Only a few months after releasing The World Next Door, Rose City Games’ first game made in partnership with VIZ Media, the Portland-based studio is already gearing up for their second title with VIZ: Cat Lady. A top-down roguelike featured on Game Informer’s list of best indies from E3 2019, the game follows the supernatural adventures of a young girl, Ally Marie. She teams up with a plethora of skilled cats to face the ghosts that have overtaken her grandmother’s home.
Cat Lady’s ghostly plot, cast of cats and a young girl, its stylized and cute aesthetic, and its minimal use of color make it reminiscent of Kazuno Kohara’s picture book Ghosts in the House! and its three-color linocut art. Additionally, with the ability to collect a variety of adorable cats that have different powers, there’s a Pokémon-like element too.
Cliqist: Could you talk more about how Cat Lady originated? What was it like having it come from the same game jam that produced The World Next Door?
Corey Warning: That internal game jam we did a few summers ago produced some real gems. Cat Lady was a strong #2 when we had it up against The World Next Door pitch, and we talked about it frequently with our publisher, VIZ, after the jam. We pitched a few games to them during GDC 2018, and Cat Lady was the first of three we presented. We walked out of that meeting feeling like we didn’t even need to talk about the other games because everyone was so excited about the ideas for Cat Lady.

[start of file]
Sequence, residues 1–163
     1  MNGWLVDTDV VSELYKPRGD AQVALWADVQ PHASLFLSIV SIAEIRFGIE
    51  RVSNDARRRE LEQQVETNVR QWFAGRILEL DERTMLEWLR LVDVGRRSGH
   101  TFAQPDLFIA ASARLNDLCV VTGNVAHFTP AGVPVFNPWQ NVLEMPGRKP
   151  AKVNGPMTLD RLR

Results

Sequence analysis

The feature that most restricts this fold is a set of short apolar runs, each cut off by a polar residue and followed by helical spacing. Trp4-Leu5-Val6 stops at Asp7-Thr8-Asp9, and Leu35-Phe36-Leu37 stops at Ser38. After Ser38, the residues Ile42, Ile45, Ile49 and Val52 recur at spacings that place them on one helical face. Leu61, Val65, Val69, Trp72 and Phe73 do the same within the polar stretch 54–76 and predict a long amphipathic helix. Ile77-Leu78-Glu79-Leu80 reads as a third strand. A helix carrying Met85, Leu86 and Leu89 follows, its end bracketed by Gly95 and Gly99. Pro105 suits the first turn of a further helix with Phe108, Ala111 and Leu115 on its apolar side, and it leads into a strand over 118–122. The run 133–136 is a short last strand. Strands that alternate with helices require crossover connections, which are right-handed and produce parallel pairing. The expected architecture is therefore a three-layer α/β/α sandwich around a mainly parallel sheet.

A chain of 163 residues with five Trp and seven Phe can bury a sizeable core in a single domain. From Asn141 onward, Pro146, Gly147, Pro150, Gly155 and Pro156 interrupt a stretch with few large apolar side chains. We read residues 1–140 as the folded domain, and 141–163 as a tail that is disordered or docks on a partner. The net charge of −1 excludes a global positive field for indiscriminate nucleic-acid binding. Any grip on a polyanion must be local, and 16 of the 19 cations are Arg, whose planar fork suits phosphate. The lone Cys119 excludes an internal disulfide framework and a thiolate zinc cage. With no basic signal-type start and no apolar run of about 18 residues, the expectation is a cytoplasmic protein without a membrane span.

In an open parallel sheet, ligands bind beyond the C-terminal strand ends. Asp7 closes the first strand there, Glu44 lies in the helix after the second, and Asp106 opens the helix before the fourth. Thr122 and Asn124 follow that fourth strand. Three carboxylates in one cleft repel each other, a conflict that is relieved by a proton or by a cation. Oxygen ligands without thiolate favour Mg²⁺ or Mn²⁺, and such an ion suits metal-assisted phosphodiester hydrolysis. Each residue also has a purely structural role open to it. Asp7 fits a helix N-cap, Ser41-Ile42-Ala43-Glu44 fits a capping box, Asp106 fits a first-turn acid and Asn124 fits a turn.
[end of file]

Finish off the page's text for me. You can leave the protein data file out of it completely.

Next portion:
According to Game Informer, Cat Lady is inspired by The Binding of Isaac. How did that game inspire your new one? Does Cat Lady have other influences?
We’ve been playing a lot of rogue-lite games since Cat Lady was greenlit. Wizard of Legend, Nuclear Throne, and Dead Cells, Enter the Gungeon to name a few. We’re inspired by how tight the gameplay feels in those games, and we’re confident that fans of those titles will enjoy Cat Lady—however, it’s important to us for our game to be unique from other dungeon crawlers. I think the cuteness of the art style and soundtrack really set it apart, and we’ve surprised early playtesters with how fun it is to toss cats at ghosts!
The limited color palette shown so far looks charming and striking. What led to the decision for a more minimalist color scheme?
Our lead artist, Jake Fleming, loved the limited color palette of classic NES and Gameboy games growing up. We feel that the straightforward color schemes help sell the cuteness of the characters and enemies.
I was a big fan before we hooked up. Jim and I met at the XOXO festival in Portland back in 2013. We stayed in touch over a lot of random collaborations, like helping lay out art for a Sword & Sworcery LP reprint, and merging his Facebook pages to get his followers in one place. We worked together on another game project a few years back and really enjoyed collaborating. I absolutely love the work he and JJ did for Reigns: Her Majesty, and reached out to see if they’d be up for doing something a little different than they’ve done in the past. I can’t wait for everyone to hear the full soundtrack for this game; it’s really something special.
Cat Lady and The World Next Door look like very different games. What was it like working on the two projects? Was there overlap between the two productions or did you keep them separate?
We try to always have at least two projects going at the same time, so Cat Lady started pre-production just as The World Next Door was approaching its Beta milestone. My co-founder, Will Lewis, was leading Cat Lady while I finished up with The World Next Door. Almost everyone on the new project had a hand in some part of TWND, so moving into Cat Lady was really smooth—everyone was used to working together so we could just hit the ground running.
Will Cat Lady have some form of a comic spin-off like The World Next Door did?
I hope so! Working on TWND comic with VIZ was a blast. We love trying out new things, and if there’s an opportunity for some sort of trans-media crossover, I’m sure we’ll jump on it.
Thanks for your time, and good luck with the new game.